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Coconut Yogurt

Serves 5.


    Dairy-free yogurt is fun to make, and it acts as a versatile base for a variety of recipes. Even if you’re not dairy intolerant or vegan, this creamy, mild, and sweet recipe is one to try!


    Coconut Yogurt nibbles

    • Top with berries, hempseeds, cacao nibs, and chopped Medjool dates.
    • Mix with frozen berries or banana to make instant “ice cream.”
    • Layer in a glass jar with fruit, walnuts, and granola for a parfait.
    • Use as a soup garnish along with fresh herbs or chives.

    Coconut Yogurt


    • 1 - 14 oz can (400 mL) full-fat coconut milk
    • 1 Tbsp (15 mL) agar powder
    • 1 Tbsp (15 mL) tapioca flour
    • Juice of 1/2 lemon
    • 1 vegan probiotic capsule (optional)
    • 1 Tbsp (15 mL) maple syrup or raw cane sugar (optional)


    Per serving:

    • calories156
    • protein1g
    • fat14g
      • saturated fat12g
      • trans fat0g
    • carbohydrates7g
      • sugars3g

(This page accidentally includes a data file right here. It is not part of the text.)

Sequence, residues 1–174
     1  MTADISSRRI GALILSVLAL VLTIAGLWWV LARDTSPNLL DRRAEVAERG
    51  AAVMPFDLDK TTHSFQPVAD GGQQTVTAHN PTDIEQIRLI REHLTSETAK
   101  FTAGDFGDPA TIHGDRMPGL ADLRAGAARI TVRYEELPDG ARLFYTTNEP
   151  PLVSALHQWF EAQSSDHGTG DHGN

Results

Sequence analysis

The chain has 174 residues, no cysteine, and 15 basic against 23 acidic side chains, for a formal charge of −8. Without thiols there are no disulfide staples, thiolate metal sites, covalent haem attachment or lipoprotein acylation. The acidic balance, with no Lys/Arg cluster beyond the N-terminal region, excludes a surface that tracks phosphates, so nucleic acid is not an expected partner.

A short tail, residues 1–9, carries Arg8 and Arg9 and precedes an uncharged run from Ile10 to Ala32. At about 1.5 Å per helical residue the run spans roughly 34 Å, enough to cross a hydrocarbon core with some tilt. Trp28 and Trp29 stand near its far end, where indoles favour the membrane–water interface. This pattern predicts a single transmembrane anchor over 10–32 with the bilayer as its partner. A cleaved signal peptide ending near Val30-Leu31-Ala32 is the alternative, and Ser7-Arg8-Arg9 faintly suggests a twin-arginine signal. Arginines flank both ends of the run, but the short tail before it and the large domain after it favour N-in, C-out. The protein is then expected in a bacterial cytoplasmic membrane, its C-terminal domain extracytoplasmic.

• fibre0g
    • sodium24mg



    Pour coconut milk into small saucepan. Sprinkle agar powder and tapioca flour over 1/2 cup (125 mL) water in small bowl. Mix to dissolve, then add to coconut milk. Whisk to combine.


    Over medium-high heat, bring mixture to a simmer. Lower heat to medium-low and continue to simmer for 3 minutes. Pour into glass measuring cup or Mason jar and refrigerate for 3 hours to set.


    Once set, spoon gelled coconut milk into food processor or blender. Add lemon juice and 1 cup (250 mL) water. Add probiotic and sweetener if using, and blend until smooth. Transfer to container or jar and refrigerate for additional 2 hours to set. Consume within 1 week.



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    Celebrate Spring

    Celebrate Spring

    Spring dawns and with it an awakening of our mood and senses. Shoots and leaves are emerging, and we’re greeted by a host of fresh vegetables rearing their heads after a long winter. It’s always a joy to see the first rhubarb, delicate peas, spring leeks, and asparagus. It’s also a time to savour spring treasures that are in more fleeting supply—such as fiddleheads, ramps, (delicate, yet spicy) salad turnips, and nettles. It’s like greeting old friends you haven’t seen in a while, a chance to savour their abundance and the health benefits they provide. Spring is a symbolic new beginning, which makes it a great time to learn something new in the kitchen. Whether it’s tackling an artichoke, something that always seemed too daunting, or finally experimenting with a vegetable you’ve admired but never dared to try, read on. Now’s the perfect time. These six spring-inspired recipes will help you get creative in the kitchen while helping you celebrate the bounty of nature. Welcome the optimism that spring brings.